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J Clin Epidemiol. 2015 Dec;68(12):1481-7. doi: 10.1016/j.jclinepi.2015.04.013. Epub 2015 Jun 10.

Updated systematic review identifies substantial number of retention strategies: using more strategies retains more study participants.

Author information

  • 1Department of Medicine, Johns Hopkins University School of Medicine, 1830 East Baltimore Street, Baltimore, MD 21287, USA. Electronic address: krobin@jhmi.edu.
  • 2Division of Pulmonary and Critical Care Medicine, Johns Hopkins University School of Medicine, 1830 East Baltimore Street, Baltimore, MD 21287, USA.
  • 3Department of Anesthesiology and Critical Care Medicine, Johns Hopkins University School of Medicine, 600 N. Wolfe Street, Baltimore, MD 21287, USA.
  • 4Department of Acute and Chronic Care, Johns Hopkins University School of Nursing, 525 N. Wolfe Street, Baltimore, MD 21205, USA.

Abstract

BACKGROUND AND OBJECTIVE:

The retention of participants in studies is important for the validity of research. We updated our prior systematic review (2005) to assess retention strategies for in-person follow-up in health care studies.

METHODS:

We searched PubMed, Cumulative Index of Nursing and Allied Health Literature, Cochrane Controlled Trials Register, Cochrane Methodology Register, and Embase (August 2013) for English-language reports of studies that described retention strategies for in-person follow-up in health care studies. We abstracted each retention strategy, and two authors independently classified each retention strategy with one of the themes developed in our prior review.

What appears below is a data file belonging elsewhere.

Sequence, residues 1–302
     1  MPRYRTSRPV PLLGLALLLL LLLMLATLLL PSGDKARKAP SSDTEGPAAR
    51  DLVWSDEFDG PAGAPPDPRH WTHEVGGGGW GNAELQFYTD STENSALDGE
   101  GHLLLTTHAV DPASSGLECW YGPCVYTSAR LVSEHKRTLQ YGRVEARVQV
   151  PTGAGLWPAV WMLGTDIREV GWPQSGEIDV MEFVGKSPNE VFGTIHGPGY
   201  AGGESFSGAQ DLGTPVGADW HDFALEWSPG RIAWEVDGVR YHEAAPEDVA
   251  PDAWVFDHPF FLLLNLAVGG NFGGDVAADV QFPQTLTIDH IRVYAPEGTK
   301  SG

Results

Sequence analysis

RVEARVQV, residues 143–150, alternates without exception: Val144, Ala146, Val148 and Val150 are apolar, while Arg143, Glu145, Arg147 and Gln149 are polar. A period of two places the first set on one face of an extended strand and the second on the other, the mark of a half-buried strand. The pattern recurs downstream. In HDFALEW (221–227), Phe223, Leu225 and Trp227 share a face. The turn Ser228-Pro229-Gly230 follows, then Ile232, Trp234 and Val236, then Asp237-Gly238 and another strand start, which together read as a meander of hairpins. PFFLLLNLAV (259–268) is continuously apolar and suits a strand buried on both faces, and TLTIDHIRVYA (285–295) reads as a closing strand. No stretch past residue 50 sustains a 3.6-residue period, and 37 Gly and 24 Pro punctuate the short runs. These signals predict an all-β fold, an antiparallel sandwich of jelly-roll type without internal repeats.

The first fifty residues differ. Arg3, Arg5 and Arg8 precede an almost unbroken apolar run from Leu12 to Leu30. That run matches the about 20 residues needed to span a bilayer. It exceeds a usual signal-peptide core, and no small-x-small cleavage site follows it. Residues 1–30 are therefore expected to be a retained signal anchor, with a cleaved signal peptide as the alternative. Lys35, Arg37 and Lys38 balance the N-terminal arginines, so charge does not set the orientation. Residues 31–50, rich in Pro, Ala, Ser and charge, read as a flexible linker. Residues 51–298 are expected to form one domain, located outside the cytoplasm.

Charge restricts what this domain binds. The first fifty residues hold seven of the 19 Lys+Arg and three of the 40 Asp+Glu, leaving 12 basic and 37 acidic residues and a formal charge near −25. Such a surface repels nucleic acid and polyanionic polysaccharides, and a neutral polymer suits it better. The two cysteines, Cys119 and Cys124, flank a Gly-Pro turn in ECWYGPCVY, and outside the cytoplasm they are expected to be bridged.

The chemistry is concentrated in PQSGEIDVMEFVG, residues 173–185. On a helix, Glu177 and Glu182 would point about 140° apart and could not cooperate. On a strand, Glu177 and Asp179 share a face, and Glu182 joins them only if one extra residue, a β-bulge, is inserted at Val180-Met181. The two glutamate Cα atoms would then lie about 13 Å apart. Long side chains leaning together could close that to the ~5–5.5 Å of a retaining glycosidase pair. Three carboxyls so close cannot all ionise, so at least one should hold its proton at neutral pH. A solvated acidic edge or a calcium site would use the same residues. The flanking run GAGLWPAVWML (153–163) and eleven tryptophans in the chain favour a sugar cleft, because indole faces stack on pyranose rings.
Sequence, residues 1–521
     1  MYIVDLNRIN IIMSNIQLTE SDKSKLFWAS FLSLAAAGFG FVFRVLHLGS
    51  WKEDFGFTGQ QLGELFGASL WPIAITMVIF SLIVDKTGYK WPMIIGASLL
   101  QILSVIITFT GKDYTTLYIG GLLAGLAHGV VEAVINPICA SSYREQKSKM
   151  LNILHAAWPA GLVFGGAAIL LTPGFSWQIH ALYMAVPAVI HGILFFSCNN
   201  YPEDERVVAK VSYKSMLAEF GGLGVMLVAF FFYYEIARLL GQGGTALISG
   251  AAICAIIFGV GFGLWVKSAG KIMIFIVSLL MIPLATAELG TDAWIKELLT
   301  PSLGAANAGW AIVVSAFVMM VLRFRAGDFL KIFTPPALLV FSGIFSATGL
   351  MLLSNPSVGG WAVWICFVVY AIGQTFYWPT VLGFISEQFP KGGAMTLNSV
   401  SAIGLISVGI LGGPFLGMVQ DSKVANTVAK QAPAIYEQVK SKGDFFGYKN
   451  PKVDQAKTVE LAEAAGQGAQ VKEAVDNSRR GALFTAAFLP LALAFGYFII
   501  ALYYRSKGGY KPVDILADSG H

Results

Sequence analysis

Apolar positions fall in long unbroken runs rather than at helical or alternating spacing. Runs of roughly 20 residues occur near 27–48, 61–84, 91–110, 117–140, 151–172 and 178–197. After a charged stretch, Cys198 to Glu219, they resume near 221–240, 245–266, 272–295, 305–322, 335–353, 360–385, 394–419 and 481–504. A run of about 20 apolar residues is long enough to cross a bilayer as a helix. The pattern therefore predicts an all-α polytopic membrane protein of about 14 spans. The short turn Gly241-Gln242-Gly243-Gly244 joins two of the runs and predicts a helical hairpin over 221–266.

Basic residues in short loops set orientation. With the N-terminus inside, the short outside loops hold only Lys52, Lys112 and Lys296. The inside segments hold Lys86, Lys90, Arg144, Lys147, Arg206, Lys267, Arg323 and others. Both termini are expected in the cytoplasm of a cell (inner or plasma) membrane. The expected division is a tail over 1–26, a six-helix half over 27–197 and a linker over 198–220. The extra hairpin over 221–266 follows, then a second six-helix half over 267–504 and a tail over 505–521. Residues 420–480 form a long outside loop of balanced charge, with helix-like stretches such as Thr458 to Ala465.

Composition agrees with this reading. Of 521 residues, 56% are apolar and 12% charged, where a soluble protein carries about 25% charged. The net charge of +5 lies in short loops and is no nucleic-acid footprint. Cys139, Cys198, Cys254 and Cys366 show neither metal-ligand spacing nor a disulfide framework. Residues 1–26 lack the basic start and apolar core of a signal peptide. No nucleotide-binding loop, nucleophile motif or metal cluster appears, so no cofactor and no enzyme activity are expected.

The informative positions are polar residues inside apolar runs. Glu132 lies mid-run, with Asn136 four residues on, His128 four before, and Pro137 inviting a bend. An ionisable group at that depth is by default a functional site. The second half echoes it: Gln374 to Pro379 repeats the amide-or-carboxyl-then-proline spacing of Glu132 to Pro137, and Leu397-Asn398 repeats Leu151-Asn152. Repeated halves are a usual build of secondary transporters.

RESULTS:

We identified 88 studies (67 newly identified studies), six of which were designed to compare retention strategies, whereas the remainder described retention strategies and retention rates. There were 985 strategies abstracted from the descriptive studies (617 from new studies), with a median (interquartile range) number of strategies per study of 10 (7 to 17) and a median (interquartile range) number of themes per study of 6 (4 to 7). Financial incentives were used in 47 (57%) of the descriptive studies. We classified 28% of the strategies under the theme of "contact and scheduling methods," with 83% of the identified studies using at least one strategy within this theme. The number of strategies used was positively correlated with retention rate (P = 0.027), but the number of themes was not associated with retention rate (P = 0.469).

CONCLUSION:

The number of studies describing retention strategies has substantially increased since our prior review. However, the lack of comparative studies and the heterogeneity in the types of strategies, participant population and study designs, prohibits synthesis to determine the types of cohort retention strategies that were most effective. However, using a larger number of retention strategies, across five or six different themes, appears to retain more study participants.

KEYWORDS:

Follow-up studies; In-person follow-up; Methods; Retention strategies; Systematic review

PMID:
26186981
PMCID:
PMC4658250
DOI:
10.1016/j.jclinepi.2015.04.013
[PubMed - indexed for MEDLINE]
Free PMC Article
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